A Little About Georgia

Welcome to Georgia, shusshin (birthplace) of Tochinoshin, Gagamaru, and wine. Yes, that bacchanalian beverage, perfected in the hills of France, was domesticated in the Caucasus. Georgian wines are a favorite among my Russian and Eastern European friends. I believe that is why it is such a prize for Vladimir Putin (as well as the resorts Crimea). The Russian Olympic venue at Sochi was a stone’s throw from Georgia. A quick visit to the website for the National Tourism Administration shows several pictures of cultural treasures and amazing vistas.

Mtskheta, Georgia

Tochinoshin is from Mtskheta, a UNESCO World Heritage Site. The site was put on the List of World Heritage in Danger in 2009 but removed from that list in 2016, noting work done and the commitment by the State Party to the preservation of the site. This month, a UNESCO monitoring mission is headed to Mtskheta to “assess current conditins at the property.” Tachiai will report on findings.

I must admit, the description from the tourism company, VisitGeorgia.GE is enticing: “Situated at the confluence of the Aragvi and Mtkvari rivers, Mtskheta has been a site of human settlement since at least the second millennium BC. The town is named after Mtskhetos, son of Kartlos – the legendary progenitor of the Georgian people. Already a town of some significance in pagan times, it gained importance as the site of the first Christian church in Georgia. Today it is no longer the capital of the country, but it is still the spiritual capital and home to two of Georgia’s greatest churches – Svetitskhoveli and Jvari.

While I was growing up, Georgia was a part of the Soviet Union. When the Communist block dissolved, Georgia declared independence. However, that independence has been fraught with conflict as Russian loyalists, primarily in the regions of Abkhazia and South Ossetia, continue to try to break away with Russian help. The breakout of heavy fighting and war in 2008 has yielded to an uneasy peace as Western war correspondents have embedded themselves in other Russian proxy battles from Crimea to Syria. It’s difficult to get a sense of the status quo in Tblisi. The most recent article I could find was this from Politico: “Vladimir Putin’s mysterious moving border.”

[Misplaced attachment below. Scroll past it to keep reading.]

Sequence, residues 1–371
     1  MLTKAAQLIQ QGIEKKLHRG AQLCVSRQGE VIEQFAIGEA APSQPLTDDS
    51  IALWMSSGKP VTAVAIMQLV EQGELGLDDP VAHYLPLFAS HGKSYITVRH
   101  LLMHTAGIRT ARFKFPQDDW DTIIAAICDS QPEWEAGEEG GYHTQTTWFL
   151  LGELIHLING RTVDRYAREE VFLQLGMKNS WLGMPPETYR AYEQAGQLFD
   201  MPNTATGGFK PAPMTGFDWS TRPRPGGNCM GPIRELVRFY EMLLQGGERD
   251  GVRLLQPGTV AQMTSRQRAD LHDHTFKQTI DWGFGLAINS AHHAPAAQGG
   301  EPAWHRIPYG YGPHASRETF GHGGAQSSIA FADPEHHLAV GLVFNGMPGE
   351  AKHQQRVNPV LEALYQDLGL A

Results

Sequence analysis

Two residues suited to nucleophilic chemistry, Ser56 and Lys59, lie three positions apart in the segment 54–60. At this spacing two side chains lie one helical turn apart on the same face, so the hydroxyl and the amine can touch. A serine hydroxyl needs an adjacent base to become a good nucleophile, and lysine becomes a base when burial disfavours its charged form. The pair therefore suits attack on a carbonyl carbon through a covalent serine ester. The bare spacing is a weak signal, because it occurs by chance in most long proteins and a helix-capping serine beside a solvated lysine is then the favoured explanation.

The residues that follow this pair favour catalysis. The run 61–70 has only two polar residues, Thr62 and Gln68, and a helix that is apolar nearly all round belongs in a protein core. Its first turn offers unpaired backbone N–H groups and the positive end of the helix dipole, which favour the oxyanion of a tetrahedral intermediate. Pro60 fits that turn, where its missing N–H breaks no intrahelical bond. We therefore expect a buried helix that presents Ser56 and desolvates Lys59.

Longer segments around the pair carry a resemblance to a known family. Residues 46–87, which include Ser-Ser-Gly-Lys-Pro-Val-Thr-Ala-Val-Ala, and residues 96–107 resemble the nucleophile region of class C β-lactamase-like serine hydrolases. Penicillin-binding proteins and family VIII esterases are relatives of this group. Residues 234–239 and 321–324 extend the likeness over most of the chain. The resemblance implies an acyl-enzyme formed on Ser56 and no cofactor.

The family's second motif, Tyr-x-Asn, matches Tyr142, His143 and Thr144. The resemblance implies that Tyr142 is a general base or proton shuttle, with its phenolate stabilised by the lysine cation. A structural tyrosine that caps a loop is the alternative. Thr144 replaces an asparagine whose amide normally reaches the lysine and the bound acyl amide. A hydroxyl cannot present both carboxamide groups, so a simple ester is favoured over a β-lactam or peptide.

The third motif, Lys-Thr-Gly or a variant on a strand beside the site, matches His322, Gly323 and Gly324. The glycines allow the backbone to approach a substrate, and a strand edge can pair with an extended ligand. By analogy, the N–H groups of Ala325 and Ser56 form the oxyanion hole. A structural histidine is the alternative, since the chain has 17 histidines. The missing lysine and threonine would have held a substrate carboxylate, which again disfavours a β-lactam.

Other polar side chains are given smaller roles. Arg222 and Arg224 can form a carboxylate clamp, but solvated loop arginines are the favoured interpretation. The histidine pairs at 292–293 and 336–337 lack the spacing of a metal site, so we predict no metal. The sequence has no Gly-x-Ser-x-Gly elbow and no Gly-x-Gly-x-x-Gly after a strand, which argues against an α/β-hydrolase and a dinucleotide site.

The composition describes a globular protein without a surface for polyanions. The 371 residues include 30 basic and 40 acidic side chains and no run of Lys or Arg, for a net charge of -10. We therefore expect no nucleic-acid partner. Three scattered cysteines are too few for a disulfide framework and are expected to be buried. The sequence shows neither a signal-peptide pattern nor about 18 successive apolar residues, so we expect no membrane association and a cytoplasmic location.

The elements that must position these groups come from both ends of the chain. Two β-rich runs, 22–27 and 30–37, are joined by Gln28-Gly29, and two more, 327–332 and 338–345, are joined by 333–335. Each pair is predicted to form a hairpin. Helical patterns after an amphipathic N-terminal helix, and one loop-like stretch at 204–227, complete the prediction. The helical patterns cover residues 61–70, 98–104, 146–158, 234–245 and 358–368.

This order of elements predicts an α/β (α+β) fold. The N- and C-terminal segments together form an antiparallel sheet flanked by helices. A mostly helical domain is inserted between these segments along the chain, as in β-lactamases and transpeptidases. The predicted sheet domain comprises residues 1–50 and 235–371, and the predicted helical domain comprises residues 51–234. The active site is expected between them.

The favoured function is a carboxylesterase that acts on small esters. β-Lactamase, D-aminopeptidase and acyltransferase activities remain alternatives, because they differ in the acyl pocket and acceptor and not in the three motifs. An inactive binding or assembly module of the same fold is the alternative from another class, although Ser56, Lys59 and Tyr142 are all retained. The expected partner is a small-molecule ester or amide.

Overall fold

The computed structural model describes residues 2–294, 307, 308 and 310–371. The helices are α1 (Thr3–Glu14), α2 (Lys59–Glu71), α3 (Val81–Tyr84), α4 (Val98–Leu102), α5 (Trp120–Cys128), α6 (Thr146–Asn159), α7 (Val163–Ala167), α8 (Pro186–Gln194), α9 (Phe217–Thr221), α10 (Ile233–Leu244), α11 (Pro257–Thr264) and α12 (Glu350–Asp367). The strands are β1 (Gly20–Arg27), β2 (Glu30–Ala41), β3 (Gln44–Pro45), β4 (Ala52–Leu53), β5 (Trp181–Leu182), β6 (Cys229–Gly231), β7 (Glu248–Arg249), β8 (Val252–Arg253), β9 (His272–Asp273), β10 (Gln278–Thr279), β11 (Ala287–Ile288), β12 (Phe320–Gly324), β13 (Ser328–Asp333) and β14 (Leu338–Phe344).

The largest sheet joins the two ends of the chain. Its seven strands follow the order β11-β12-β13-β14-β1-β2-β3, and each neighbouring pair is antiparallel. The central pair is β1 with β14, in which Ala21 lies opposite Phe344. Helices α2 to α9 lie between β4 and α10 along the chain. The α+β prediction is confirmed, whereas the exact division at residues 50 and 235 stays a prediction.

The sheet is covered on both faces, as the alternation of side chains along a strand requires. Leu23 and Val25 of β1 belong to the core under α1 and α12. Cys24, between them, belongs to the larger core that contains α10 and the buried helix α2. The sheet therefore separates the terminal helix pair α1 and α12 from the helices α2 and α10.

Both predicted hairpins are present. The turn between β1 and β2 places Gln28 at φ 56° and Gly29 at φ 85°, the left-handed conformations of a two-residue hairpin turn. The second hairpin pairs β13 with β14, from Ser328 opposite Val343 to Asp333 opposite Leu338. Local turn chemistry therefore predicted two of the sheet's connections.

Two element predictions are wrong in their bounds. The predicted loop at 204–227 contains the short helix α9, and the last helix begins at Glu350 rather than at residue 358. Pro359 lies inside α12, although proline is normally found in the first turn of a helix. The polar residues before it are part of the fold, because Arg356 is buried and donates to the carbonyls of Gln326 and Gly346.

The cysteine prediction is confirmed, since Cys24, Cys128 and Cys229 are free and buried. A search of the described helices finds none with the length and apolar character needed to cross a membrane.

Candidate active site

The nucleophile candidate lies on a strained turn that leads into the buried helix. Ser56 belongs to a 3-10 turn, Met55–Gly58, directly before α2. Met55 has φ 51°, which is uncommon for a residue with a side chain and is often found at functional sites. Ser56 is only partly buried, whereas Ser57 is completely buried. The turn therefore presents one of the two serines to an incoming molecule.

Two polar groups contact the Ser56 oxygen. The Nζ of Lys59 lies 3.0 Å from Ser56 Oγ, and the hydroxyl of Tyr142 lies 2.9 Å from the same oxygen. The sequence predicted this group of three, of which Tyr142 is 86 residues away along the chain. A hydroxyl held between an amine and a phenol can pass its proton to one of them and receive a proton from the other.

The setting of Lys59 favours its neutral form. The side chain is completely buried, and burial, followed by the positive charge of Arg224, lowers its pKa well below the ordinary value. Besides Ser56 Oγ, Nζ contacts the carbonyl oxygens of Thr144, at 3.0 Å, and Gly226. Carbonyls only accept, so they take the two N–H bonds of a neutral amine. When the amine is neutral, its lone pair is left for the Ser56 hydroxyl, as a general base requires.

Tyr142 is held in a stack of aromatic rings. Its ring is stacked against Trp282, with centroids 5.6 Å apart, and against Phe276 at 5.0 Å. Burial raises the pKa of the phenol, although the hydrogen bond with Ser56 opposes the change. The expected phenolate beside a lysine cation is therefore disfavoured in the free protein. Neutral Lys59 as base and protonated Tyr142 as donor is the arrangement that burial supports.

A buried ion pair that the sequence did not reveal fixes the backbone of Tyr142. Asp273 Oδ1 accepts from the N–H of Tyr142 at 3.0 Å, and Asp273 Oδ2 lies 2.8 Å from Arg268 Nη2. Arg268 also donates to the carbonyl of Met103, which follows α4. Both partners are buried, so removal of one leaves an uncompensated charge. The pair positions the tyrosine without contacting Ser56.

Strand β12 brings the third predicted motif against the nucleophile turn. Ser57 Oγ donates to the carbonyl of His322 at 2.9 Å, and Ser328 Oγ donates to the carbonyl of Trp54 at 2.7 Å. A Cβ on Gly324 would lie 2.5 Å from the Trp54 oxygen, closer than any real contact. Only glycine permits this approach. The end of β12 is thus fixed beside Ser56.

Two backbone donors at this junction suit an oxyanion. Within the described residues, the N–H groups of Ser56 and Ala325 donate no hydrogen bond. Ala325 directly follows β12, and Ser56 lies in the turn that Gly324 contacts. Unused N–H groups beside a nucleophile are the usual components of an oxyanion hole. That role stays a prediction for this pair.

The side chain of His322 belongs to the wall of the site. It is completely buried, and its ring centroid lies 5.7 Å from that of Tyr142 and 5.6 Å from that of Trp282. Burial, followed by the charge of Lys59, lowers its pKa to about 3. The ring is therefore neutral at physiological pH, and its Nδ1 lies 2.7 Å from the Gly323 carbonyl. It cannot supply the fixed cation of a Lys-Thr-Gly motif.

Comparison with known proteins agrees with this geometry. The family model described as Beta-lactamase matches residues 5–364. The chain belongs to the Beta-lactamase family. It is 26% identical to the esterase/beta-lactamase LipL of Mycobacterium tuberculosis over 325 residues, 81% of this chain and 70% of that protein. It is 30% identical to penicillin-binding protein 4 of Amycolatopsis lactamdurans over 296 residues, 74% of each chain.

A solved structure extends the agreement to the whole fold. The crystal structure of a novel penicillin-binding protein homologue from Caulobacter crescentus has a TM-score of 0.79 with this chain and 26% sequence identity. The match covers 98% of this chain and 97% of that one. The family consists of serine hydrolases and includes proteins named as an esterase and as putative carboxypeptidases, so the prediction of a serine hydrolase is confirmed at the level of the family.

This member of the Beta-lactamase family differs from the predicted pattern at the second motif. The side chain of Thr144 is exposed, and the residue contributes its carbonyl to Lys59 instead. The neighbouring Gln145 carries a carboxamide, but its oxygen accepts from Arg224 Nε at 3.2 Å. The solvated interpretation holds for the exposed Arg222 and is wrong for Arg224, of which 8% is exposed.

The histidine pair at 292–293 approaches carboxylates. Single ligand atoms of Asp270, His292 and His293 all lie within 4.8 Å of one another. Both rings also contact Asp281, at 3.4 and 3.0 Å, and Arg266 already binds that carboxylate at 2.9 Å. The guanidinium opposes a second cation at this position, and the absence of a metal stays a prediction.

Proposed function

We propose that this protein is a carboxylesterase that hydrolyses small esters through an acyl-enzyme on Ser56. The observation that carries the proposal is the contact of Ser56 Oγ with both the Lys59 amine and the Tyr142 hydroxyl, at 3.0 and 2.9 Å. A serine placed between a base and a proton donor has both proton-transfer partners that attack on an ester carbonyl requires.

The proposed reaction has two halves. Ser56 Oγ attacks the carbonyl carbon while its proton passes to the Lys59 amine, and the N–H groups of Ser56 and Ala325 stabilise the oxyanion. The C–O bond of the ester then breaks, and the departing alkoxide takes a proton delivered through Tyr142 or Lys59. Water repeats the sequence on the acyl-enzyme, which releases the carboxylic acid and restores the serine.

Georgian Battle 2015

The build-up during the tachiai was certainly more dramatic than the actual bout. Tochinoshin dominated early, going for a quick throw which was rebuffed. But the momentum was clearly against Gagamaru. Once Tochinoshin had Gagamaru on the edge, he displayed his prodigious strength by lifting his 200 kilo compatriot over the straw bales. It’s always painful to watch him do this against Ichinojo but he’s certainly capable with those massive thighs. With this critical win securing a winning record he’ll probably jump a spot or two to M1 or M2 next tournament. Much hay was made of Robert Myers’ massive quads during the NFL combine but those writers have never seen the likes of Tochinoshin or Kotoshogiku.

Tochinoshin Gives Me a 2nd-Hand Hernia
Tochinoshin Gives Me a 2nd-Hand Hernia

This loss for Gagamaru ended a four-bout winning streak which began with an impressive win over Osunaarashi and continued through Ikioi, Kaisei, and Kyokutenho – certainly not cream puffs. I’m glad to see Gagamaru back and on form. He’ll be back in the mid-maegashira next tournament. As he’ll be battling more upper-maegashira and even sanyaku wrestlers, he’ll likely not get double-digit wins but he’s back where he belongs. In the meantime, he’ll be joined by Osunaarashi and Chiyootori who also had excellent tournaments…but will face stark reality in May.